Do you save money by hiring an architect?

IMG_6575Hiring an architect should save you time, money, minimize bumps, streamline the building process, and provide an accurate picture of what to expect well before the first shovel of dirt is turned over.

I heard it again last week from a friend that decided to cut costs by not hiring an architect: “I wish I had hired you, I would have saved a ton of money and frustration.” It is a painful conversation for both me and the person that made the choice not to hire me that I have had many times. I struggle to get work, get told many times over that potential clients found a cheaper alternative, then I see the results and the mistakes made by those not understanding design.


The problem is that I cannot prove hiring a design professions (not a drafter, not a builder that does design) will save you money, but I have heard from many that have tried that it does not work. Have you had the same experience? Have you avoided design costs by going another direction and ended up with exactly what you wanted? Comment below and share your experiences – size, shape, complexity, situation, renovation, commercial, residential. It will help me better convey to my potential clients why they should hire me and help other blog readers make this decision.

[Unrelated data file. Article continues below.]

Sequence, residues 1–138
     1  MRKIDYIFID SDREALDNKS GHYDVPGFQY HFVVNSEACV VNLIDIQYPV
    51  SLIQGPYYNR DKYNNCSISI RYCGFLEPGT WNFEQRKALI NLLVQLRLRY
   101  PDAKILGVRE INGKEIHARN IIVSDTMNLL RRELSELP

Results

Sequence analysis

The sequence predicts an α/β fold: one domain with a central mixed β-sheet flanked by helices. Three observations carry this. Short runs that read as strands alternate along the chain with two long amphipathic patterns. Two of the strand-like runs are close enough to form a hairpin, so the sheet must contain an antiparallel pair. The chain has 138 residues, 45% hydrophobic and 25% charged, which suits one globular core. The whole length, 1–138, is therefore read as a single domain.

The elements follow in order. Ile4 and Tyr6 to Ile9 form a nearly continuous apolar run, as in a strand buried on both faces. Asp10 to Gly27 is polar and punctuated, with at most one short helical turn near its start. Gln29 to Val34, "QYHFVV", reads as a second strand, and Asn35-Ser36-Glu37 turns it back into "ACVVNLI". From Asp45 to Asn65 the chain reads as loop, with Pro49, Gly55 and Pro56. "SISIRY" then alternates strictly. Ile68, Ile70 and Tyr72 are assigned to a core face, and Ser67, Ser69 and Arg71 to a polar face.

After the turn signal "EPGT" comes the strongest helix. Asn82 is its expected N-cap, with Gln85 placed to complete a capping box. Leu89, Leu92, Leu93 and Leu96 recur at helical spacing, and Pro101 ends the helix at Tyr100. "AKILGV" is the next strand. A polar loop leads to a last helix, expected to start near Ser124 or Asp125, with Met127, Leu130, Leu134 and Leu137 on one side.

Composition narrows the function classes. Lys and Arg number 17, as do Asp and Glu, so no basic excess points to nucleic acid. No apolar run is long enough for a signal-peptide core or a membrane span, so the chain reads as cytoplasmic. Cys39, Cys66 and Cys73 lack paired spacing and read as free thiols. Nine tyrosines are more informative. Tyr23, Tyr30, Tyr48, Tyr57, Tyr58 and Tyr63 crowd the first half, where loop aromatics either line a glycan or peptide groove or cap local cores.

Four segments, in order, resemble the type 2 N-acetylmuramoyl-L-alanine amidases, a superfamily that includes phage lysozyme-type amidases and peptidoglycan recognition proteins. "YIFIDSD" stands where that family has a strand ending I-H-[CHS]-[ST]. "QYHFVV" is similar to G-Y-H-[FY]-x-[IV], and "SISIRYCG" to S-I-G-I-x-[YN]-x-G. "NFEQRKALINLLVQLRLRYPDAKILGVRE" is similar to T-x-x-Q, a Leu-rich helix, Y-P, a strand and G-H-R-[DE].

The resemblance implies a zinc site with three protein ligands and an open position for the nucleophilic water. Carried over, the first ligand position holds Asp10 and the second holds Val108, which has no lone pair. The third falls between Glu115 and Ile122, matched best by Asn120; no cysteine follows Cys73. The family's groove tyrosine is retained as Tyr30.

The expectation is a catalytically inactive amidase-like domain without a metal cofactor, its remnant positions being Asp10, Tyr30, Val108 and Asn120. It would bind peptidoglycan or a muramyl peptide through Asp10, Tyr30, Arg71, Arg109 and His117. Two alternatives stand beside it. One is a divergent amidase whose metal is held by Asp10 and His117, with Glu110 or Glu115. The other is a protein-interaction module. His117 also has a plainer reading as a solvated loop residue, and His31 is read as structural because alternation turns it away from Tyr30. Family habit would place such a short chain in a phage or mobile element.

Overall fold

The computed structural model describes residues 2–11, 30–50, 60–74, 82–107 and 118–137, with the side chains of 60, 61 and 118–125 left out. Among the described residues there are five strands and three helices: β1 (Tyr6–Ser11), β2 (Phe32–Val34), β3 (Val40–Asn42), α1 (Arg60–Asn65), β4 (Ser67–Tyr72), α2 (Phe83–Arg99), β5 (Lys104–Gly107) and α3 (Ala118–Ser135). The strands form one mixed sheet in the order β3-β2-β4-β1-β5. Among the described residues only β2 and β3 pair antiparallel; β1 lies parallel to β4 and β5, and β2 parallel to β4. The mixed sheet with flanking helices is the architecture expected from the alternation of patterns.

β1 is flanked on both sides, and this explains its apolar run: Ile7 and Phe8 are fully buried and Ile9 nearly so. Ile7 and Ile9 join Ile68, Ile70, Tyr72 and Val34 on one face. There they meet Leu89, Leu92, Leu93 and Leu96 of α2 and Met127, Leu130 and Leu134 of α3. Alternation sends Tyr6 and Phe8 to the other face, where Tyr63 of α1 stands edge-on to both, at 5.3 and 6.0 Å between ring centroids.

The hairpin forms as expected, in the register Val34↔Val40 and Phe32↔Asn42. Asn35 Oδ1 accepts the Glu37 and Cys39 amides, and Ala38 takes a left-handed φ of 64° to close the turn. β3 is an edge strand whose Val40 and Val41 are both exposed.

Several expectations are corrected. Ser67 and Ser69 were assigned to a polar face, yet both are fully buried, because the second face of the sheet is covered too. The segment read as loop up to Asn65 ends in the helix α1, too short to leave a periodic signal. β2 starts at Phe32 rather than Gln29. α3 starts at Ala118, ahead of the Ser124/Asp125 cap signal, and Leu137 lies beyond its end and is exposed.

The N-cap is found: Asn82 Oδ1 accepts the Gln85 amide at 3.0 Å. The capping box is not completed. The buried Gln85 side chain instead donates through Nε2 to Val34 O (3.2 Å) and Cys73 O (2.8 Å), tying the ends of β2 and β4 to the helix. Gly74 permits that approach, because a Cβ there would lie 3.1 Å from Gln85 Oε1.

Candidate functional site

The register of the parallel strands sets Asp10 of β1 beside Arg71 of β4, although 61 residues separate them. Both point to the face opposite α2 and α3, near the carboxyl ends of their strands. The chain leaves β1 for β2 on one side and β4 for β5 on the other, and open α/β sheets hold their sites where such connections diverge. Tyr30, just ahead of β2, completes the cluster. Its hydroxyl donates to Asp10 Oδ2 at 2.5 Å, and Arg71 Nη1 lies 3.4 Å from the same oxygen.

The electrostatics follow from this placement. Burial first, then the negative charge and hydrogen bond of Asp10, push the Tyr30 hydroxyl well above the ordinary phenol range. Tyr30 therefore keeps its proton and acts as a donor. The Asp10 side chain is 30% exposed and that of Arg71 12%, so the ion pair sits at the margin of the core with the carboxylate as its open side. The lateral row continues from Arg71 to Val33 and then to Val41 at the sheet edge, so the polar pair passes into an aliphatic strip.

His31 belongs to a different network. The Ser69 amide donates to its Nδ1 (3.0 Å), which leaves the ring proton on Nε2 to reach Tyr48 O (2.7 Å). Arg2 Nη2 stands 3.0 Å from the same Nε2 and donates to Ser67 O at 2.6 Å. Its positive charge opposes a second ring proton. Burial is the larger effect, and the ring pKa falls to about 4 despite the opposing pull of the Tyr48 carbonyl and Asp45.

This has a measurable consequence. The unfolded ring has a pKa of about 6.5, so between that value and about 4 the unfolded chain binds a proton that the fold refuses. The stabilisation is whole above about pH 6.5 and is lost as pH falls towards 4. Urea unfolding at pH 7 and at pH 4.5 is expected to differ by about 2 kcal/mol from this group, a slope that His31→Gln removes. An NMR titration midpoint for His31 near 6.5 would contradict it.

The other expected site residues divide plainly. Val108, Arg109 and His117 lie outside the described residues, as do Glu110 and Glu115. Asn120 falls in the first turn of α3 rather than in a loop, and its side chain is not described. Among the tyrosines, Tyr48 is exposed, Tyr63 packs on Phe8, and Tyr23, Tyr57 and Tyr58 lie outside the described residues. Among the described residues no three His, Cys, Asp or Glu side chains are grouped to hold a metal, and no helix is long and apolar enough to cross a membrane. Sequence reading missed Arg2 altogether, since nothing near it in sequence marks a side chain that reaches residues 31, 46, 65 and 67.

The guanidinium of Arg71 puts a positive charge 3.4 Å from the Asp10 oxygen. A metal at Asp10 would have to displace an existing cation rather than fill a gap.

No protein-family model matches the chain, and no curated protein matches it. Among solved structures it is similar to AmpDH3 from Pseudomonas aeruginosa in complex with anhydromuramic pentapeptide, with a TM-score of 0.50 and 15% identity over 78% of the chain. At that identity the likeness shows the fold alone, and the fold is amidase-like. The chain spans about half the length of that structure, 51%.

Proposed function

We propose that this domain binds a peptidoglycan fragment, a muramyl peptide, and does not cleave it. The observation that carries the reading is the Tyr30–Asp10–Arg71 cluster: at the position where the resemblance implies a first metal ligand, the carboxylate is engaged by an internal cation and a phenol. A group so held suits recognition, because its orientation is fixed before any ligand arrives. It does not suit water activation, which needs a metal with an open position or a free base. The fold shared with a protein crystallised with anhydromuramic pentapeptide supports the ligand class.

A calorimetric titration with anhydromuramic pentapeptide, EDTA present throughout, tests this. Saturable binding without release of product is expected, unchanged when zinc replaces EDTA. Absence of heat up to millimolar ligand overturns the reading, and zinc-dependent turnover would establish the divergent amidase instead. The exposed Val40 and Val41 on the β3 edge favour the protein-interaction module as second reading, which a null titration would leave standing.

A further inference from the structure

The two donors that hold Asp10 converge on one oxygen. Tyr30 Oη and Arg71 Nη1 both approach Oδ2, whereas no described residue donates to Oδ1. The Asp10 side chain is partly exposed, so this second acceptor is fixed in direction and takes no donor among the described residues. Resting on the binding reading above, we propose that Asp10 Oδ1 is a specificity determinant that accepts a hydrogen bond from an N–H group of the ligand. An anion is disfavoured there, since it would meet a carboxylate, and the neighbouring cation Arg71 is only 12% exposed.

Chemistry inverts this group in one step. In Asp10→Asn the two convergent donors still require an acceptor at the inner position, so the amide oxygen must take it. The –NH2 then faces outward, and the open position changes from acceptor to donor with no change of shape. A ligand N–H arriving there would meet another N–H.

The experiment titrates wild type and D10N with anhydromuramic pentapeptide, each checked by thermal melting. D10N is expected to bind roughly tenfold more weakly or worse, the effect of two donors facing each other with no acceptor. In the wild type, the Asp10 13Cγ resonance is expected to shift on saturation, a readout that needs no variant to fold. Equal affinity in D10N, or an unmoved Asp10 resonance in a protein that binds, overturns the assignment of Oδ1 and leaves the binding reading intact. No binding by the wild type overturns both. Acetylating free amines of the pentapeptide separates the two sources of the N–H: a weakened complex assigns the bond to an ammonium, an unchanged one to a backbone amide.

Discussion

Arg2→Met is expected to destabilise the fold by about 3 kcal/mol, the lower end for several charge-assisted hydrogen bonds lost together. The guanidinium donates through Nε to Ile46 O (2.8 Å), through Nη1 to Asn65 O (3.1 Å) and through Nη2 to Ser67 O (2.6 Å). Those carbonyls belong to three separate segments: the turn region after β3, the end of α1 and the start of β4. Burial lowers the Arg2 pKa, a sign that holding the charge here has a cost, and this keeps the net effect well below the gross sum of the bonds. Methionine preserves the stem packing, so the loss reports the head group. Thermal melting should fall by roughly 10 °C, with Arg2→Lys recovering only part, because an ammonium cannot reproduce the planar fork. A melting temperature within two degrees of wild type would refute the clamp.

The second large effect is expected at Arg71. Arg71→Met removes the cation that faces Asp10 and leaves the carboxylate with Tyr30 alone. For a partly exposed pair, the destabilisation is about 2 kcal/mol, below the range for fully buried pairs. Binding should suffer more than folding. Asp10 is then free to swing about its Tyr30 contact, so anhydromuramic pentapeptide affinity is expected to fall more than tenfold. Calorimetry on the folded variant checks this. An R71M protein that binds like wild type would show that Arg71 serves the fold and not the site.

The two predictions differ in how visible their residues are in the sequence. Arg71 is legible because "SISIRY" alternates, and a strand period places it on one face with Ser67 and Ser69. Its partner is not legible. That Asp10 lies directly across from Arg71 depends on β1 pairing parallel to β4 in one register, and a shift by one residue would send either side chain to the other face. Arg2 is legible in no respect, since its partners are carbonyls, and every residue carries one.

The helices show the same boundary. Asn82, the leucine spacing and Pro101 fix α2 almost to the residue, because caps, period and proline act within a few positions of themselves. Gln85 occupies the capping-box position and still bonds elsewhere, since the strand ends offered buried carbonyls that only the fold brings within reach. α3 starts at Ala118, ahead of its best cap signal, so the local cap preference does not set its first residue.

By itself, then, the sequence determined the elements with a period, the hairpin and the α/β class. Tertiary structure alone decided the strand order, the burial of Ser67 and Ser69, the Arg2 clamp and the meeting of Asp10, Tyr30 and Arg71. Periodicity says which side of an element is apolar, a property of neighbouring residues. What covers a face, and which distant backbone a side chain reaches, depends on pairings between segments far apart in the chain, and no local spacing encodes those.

5 Comments Add yours

  1. If only it were that easy. Many unlicensed home designers are quite capable of getting the details correct, as are many contractors. They may or may not be good designers in the visual sense. They may or may not be good at addressing owner needs.

    Some architects do not understand how buildings go together, the result of inadequate college education or experience. Some architects are not good at addressing owner needs. However, similar comments can be made about doctors and attorneys.

    A license doesn’t guarantee anything, and as architecture schools spend more time exploring theory and appearance, and less time on the basic principles of design – how stuff works, how it goes together – the value of the license decreases.


  2. Sheldon, Thanks or reading and posting a comment to my blog!

    The difference I see between non-licensed and licensed is training and liability. If you don’t hold a license you don’t hold liability for your work. So the standard of care in my opinion is drastically different. I would not change the training I got in school that taught me to think “design.” I have gotten the technical skills I need working in the industry and attending training post graduation. I did learn how things go together in school, but continue to learn every day about buildings and how they are built, function, and perform. I would say the opposite – the value of license increases each day for me. I cannot imagine doing what I do without ALL the training I have gotten and will continue to get in the future.


  3. Mike says:

    about 12 years ago i added a major addition to my house. Being a do it yourselfer I tried to do the design work and found that i was not getting my desired results. I hired a local firm, (you were not around at the time), and found that the money I spent was the best investment I made in the entire project The contractor said ours was the best run remodel he ever completed. My wife and I were glad we hired a Professional, on all accounts.


  4. Thanks for sharing your experience Mike!


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